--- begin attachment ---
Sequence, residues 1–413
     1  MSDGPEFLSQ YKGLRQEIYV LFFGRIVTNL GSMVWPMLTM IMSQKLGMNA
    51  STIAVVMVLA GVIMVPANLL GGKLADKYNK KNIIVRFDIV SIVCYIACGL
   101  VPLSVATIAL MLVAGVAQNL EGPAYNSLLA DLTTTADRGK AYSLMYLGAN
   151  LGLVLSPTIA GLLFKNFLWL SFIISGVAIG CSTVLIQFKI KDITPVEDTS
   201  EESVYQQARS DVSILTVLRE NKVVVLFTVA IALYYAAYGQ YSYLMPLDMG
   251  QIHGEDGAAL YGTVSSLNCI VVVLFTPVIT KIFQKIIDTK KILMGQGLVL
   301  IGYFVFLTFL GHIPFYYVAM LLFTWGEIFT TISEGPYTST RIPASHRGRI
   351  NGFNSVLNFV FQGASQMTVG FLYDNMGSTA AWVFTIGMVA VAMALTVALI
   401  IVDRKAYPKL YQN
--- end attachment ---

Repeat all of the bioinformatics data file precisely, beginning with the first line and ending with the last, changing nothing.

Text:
Sequence, residues 1–413
     1  MSDGPEFLSQ YKGLRQEIYV LFFGRIVTNL GSMVWPMLTM IMSQKLGMNA
    51  STIAVVMVLA GVIMVPANLL GGKLADKYNK KNIIVRFDIV SIVCYIACGL
   101  VPLSVATIAL MLVAGVAQNL EGPAYNSLLA DLTTTADRGK AYSLMYLGAN
   151  LGLVLSPTIA GLLFKNFLWL SFIISGVAIG CSTVLIQFKI KDITPVEDTS
   201  EESVYQQARS DVSILTVLRE NKVVVLFTVA IALYYAAYGQ YSYLMPLDMG
   251  QIHGEDGAAL YGTVSSLNCI VVVLFTPVIT KIFQKIIDTK KILMGQGLVL
   301  IGYFVFLTFL GHIPFYYVAM LLFTWGEIFT TISEGPYTST RIPASHRGRI
   351  NGFNSVLNFV FQGASQMTVG FLYDNMGSTA AWVFTIGMVA VAMALTVALI
   401  IVDRKAYPKL YQN